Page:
The movie has gone down as one of the great musicals of Hollywood's Golden Age and is the only movie pairing of Fred Astaire and Judy Garland, but it won just one Academy Award, for Best Scoring of a Musical Picture.
Commercially it was a great success and was MGM's biggest hit of 1948, grossing over 6 million dollars on its first release. Nationally, it was second only to the Bing Crosby and Bob Hope comedy 'Road to Rio'. For both Garland and Astaire 'Easter Parade' was the most financially successful picture of each of their careers.
What makes 'Easter Parade' stand out is the great talents of Astaire, Garland, and Miller, all at their best, all together in the same movie. Absolutely wonderful, and one of the greatest of all musicals.
PlotThe movie is a fast moving visual feast of costume and color together with the wonderful singing of Judy Garland and the breathtaking dancing of Fred Astaire and Ann Miller. As with many musicals, the plot is flimsy and is really an excuse for the wonderful music and dancing. Fred Astaire and Ann Miller play a dancing team, Don Hewes and Nadine Hale, but when Nadine opts for a solo career, Don takes a new partner, Hannah Brown, played by Judy Garland and the new partnership becomes extremely successful also. Throw in several love interests, including Peter Lawford, and, of course, a happy ending and you have the recipe for a great feel-good musical.
The inspiration behind the movie was the 1946 hit from Paramount, 'Blue Skies' starring Bing Crosby and Fred Astaire with a selection of old and new material by Irving Berlin. Berlin was convinced he had enough songs for another movie idea he was working on called 'Easter Parade'. Before offering it to MGM, Irving Berlin offered the idea to Twentieth Century Fox, who refused it, saying his price was too high. MGM paid Berlin $600,000 for his contribution to the film, including story consultation, the use of his famous name, the movie title and of course, his songs.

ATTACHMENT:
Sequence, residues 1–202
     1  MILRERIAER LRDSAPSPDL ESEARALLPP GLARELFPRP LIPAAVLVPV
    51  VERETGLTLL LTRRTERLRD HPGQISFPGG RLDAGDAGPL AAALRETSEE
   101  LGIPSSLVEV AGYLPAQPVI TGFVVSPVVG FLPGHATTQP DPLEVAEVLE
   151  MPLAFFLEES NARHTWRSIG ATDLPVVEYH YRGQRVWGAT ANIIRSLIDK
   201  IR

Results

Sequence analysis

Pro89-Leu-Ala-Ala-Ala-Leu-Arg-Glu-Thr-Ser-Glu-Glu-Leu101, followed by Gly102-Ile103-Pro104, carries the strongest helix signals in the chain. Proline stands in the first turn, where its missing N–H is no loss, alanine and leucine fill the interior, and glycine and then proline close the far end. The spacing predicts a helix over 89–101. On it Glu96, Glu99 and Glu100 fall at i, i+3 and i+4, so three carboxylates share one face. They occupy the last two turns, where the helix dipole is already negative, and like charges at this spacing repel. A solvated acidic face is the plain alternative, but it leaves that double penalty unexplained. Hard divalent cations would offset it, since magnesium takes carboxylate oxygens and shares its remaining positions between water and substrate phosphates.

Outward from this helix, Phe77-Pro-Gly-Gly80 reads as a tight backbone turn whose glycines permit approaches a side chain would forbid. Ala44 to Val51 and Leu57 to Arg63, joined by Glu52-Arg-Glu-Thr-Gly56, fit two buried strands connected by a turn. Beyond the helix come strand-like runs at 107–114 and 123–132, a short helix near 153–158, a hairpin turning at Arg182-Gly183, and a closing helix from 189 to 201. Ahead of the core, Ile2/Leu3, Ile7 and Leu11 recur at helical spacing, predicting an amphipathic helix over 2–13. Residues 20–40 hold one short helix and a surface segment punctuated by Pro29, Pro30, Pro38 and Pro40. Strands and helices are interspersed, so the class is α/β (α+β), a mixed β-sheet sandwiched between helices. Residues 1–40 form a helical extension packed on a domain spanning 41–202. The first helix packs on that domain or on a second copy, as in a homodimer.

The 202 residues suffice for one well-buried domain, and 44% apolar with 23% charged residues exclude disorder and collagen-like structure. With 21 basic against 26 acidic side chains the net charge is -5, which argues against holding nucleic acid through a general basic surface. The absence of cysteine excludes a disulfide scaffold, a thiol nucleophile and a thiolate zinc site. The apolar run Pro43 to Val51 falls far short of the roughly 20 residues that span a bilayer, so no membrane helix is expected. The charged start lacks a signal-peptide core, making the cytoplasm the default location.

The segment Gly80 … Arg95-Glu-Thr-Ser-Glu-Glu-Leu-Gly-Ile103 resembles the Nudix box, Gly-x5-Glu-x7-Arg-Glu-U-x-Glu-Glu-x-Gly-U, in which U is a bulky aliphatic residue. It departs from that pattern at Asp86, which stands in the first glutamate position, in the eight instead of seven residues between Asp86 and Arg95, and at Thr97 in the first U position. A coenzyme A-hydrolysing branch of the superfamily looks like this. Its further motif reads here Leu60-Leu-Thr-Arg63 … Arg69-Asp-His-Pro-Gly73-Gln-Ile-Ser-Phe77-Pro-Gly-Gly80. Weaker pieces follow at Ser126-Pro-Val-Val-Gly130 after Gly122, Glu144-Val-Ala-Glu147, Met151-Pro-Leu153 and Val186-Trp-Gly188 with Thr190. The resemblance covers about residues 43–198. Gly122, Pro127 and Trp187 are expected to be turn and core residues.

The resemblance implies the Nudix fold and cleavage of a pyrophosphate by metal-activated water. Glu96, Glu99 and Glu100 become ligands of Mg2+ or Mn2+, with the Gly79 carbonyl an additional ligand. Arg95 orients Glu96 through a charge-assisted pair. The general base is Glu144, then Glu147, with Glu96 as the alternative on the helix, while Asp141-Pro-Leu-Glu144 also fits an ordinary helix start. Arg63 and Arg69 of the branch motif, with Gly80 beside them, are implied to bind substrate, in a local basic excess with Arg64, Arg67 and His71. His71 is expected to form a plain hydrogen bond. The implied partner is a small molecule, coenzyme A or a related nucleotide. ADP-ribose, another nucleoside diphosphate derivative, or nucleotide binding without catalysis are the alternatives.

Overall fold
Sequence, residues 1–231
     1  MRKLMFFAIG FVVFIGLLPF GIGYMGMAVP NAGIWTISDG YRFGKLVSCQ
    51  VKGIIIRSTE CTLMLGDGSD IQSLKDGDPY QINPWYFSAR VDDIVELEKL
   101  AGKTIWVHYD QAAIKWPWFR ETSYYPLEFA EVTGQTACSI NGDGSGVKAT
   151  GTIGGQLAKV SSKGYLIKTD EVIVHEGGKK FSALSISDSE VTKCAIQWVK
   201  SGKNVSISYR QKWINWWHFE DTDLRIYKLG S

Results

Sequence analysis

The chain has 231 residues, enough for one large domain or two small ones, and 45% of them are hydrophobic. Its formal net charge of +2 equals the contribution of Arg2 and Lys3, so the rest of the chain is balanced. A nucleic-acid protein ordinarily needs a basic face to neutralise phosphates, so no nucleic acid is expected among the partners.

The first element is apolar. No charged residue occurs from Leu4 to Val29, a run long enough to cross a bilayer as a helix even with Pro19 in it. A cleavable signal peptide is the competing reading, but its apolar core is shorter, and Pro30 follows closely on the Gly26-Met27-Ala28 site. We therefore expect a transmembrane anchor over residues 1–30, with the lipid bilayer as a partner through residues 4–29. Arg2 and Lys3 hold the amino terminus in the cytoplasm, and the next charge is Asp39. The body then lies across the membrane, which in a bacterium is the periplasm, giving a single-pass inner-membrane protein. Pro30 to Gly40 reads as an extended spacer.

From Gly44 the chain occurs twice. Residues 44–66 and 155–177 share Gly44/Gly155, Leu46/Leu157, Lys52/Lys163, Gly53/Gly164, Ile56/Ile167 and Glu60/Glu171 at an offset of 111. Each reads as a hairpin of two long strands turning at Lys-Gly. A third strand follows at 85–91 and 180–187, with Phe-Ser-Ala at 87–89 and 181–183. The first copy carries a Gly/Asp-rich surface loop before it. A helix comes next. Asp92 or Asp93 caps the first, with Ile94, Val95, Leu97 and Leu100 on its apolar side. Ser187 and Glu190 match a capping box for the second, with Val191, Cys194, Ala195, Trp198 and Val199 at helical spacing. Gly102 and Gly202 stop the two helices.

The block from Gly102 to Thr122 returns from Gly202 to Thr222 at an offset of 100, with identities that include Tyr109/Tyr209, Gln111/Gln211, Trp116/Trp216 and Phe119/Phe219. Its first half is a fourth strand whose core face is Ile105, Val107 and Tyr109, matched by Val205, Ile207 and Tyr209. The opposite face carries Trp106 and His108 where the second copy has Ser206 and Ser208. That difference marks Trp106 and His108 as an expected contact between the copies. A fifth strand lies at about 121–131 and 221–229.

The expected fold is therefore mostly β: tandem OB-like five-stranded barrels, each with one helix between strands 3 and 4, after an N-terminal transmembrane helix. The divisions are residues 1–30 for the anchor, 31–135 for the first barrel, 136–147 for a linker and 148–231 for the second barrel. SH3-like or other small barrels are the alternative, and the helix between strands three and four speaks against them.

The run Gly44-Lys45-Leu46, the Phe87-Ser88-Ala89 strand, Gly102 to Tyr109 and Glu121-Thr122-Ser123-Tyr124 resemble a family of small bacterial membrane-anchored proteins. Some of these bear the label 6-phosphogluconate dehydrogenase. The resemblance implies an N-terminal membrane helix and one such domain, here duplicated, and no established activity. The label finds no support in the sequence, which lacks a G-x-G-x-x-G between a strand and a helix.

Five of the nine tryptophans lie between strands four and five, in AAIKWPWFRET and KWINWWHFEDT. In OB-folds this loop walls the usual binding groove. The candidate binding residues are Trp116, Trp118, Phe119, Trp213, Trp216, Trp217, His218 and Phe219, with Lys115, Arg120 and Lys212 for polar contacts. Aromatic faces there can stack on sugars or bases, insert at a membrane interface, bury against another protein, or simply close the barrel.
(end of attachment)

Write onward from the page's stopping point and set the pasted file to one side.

Over half of the songs performed in the film were written by Berlin before the film was even conceived and had been performed in other movie and stage musicals. He did write a number of songs specifically for 'Easter Parade' including the classic 'It Only Happens When I Dance with You', 'Stepping Out with My Baby' and 'A Couple of Swells'.He also especially wrote the song 'Mr. Monotony', which was not used.Casting
The movie was originally intended to star Gene Kelly with Vincente Minnelli directing, but Kelly broke his ankle playing touch football just before the start of filming. Fred Astaire was persuaded out of retirement, reportedly because he wanted to work with Judy Garland, and the movie's success gave him another twenty years of picture making.
Judy Garland had recently been released from a sanatorium where she had been treated for drug dependency. She was not happy about being directed by her husband, Victor Minnelli, and she asked for him to be replaced. So with the film rehearsal just five days old, Minnelli was replaced by Charles Walters, a former dancer. Garland and Minnelli divorced three years later.
Ann Miller was a replacement for Cyd Charisse, who had pulled a leg muscle and could not work on the picture.
Main CastJudy Garland ... Hannah Brown
Fred Astaire ... Don Hewes
Peter Lawford ... Jonathan Harrow III
Ann Miller ... Nadine Gale
Jules Munshin ... Francois, the Head Waiter
Clinton Sundberg ... Mike, the Bartender
Jeni Le Gon ... Essie
Jimmy Bates ... Boy with Don in toyshop
Richard Beavers ... Leading Man
Dick Simmons ... Al, the Stage Manager
Dee Turnell ... Specialty Dancer
Lola Albright, Joi Lansing ... Showgirls
Wilson Wood ... Marty
Lynn and Jean Romer ... "Delineator" Twins
Peter Chong ... Valet
Nolan Leary ... Drug Clerk
Benay Venuta ... Bar Patron
Frank Mayo ... Headwaiter
Doris Kemper ... Mary
Hector and His Pals ... Dog Act
William Frawley ... cameo as policeman
CreditsDirector ... Charles Walters
Producer ... Arthur Freed
Screenplay ... Sidney Sheldon, Frances Goodrich, Albert Hackett
Music, Score ... Johnny Green, Roger Edens
Music, Songs ... Irving Berlin
Cinematography ... Harry Stradling Sr.
Format ... Color, Technicolor
Distribution Company ... Metro-Goldwyn-Mayer
Release date ... June 30, 1948
Running time ... 107 minutes
Musical NumbersAll by Irving Berlin
"It Only Happens When I Dance With You"
"I Want to Go Back to Michigan"
"A Fella with an Umbrella"
"Vaudeville Montage: I Love A Piano / Snookey Ookums / The Ragtime Violin / When the Midnight Choo-Choo Leaves for Alabam'"
"Shakin' the Blues Away"
"Steppin' Out with My Baby"
"A Couple of Swells"
"The Girl on the Magazine Cover"
"Better Luck Next Time"
Academy AwardsOne Win:
Best Original Music Score ... Johnny Green, Roger Edens
No Unsuccessful Nominations: